Welcome to the wonderful world of Westina, a lush planet inhabited by super-cute elves, cat-women, and goat-girls! The “Master Embryos”, known to most as “seven succulent sorceresses”, have governed the world for years, maintaining peace and order. Unfortunately, this peace was not to last. The dread “Quan Virus” infected these seven sexy leaders, draining the mercy from their minds and the humanity from their hearts. Now, the former champions of good are ravaging the lands, converting the planet’s climate so that the Virus may prosper.
This world needs a hero! Fortunately, it has two. In Steam Hearts, two outlaws have escaped infection — the masculine cat-boy Blondia Varady (nicknamed “Blow”), and his redhead sister Falandia (nicknamed “Falla”). After selecting an avatar, players confront the Master Embryos in vertical shooter battles. Rather than simply kill the planet’s former guardians, Blondia delivers the antidote necessary to cure their tainted bodies.
The story barely affects the action. For the most part, players simply guide their chosen character through the skies in a small and agile spaceship, destroying everything in sight: kamikaze drones, angry mechanical hornets, and cannon-toting soldiers. Every enemy unloads gobs of bullets, although fewer than a modern bullet-hell.
Steam Hearts starts slowly but builds towards an exciting climax. For example, after cruising through an asteroid field, accompanied by soothing space lounge tunes . . . the music suddenly ramps up, swarms of enemies surge forth, and lasers streak across the playfield from off-screen battleships. This mid-level switch from rock dodging to all-out starfleet combat is both exciting and involving. This level tells a story; I only wish the game’s other stages were so clever.
Steam Hearts only features two primary weapons, but they behave differently depending on the chosen character. For example, Blondia’s laser is a fully-frontal, streaming ejaculation of carnage, while Falandia’s laser spread-eagles diagonally in thin wisps of whitehot bliss. Toss in eight degrees of upgrades, a few secondary abilities (shields, black hole missiles, or homing droids), and you’ve got a decent firepower potential despite the limited selection.
As players penetrate further and further into the game, the foes fight back quite fiercely, even on the easiest difficulty setting. The ore chasm, a rocky mining shaft filled with cannons and gatling turrets, is particularly harrowing. Steam Hearts forces the player to dodge volley after volley of bullets with little room to maneuver (due to a MASSIVE hit-box). Fortunately, control is slick and stable, making it surprisingly easy for a skilled player to wind through even the tightest and most intricate streams of cannonfire. A turbo boost button helps players escape from particularly tricky barrages.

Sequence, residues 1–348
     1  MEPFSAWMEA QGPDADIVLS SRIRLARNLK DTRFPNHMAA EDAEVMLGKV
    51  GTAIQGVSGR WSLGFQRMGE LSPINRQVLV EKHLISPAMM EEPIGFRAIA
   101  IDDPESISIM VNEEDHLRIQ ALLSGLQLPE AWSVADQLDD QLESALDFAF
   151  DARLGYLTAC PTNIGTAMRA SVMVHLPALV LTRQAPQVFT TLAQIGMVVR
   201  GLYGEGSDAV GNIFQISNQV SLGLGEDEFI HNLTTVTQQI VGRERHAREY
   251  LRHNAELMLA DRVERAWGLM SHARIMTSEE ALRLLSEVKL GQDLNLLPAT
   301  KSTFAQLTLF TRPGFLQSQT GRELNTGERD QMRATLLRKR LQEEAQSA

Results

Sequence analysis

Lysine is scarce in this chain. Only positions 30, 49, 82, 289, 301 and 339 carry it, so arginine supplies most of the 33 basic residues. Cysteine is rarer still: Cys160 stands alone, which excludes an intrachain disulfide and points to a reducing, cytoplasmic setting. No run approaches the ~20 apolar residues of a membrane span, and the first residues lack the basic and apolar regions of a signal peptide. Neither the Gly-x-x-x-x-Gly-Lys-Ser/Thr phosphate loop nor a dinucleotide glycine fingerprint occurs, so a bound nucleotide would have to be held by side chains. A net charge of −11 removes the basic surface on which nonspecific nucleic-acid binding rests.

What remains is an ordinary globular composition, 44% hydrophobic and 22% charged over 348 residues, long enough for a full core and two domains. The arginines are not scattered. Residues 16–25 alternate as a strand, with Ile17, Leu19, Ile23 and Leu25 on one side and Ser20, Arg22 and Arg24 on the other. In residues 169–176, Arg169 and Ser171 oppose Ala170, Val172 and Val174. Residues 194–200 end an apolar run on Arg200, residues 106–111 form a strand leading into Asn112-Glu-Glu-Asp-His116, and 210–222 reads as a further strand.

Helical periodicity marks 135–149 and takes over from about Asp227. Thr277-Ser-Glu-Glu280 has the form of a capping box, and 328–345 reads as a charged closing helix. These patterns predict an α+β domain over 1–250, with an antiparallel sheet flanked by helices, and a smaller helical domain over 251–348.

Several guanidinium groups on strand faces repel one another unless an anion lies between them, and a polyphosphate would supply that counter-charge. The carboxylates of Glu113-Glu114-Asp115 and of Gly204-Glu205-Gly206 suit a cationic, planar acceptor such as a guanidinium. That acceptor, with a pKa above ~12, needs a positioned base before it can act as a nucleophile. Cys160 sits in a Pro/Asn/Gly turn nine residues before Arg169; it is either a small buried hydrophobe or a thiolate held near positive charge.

At the end of each level, one of the female leaders arrives in her ornate mecha suit, each equipped with elaborate weaponry. LayFang, the guardian of Ancient Westina, launches blue homing beams and pelts players with bullets. Beat her down . . . and then she pulls out a REALLY long staff (it nearly spans the length of the screen) which sends lasers streaking through the sky! Another boss briefly summons a black hole bomb. While avoiding the antimatter blast (tap that Turbo Boost button!), Blondia and Falandia scream: “Oh my god, what is that?!” “It’s a black hole!” “Hit the speed, avoid it! Watch out!”
That kind of character reaction turns a potentially typical attack into a memorable event. Furthermore, each of the Master Embryos speak before the battle begins, adding a bit of drama to the whole affair.
Once you’ve physically beaten down the boss, you’ll have sex with her.
Yes — Blondia’s antidote to the dire Quan Virus happens to be his sperm. So, once you’ve blown one of the frisky female leaders’ mobile suits to bits, Falandia will subdue and molest the cutie (prepping her for Blondia’s shaft) and then you’ll be treated to a well-drawn still picture depicting the sexual vaccination of the Master Embryo. After the deed is done, the little lady turns back to the Path of Justice and thanks Blondia for raping her.
While most of the goodies are cleverly obscured by hair, arms, and heart-speckled panties, this is pretty hardcore stuff in concept. Heads on the ground, buttocks in the air — I think you get the picture. Blondia risks his life to save the world by raping anime babes. He just does it less explicitly than in the PC-98 version (which also happens to be a better game overall).
If Blondia didn’t rape women, then he would have to murder them — inaction would condemn the entire world to destruction. It’s an absurd situation designed to justify Steam Hearts’ throwaway cutscenes, so I’ll save the discussion on “logic and morality” for a game that actually means to test our virtues. This is a shooter, and shooters are about blasting things to bits; that’s why so many of them end up glomming together into one huge puddle of done-it-before destruction. It takes a pretty strong hook to stand apart from the rest. Steam Hearts features a hook so notoriously unforgettable that the game — which would otherwise be quite forgettable — remains famous over a decade later. Sure, there are some disturbing undertones, but I like looking at cute cat-girls. I guess that means I’m going to hell.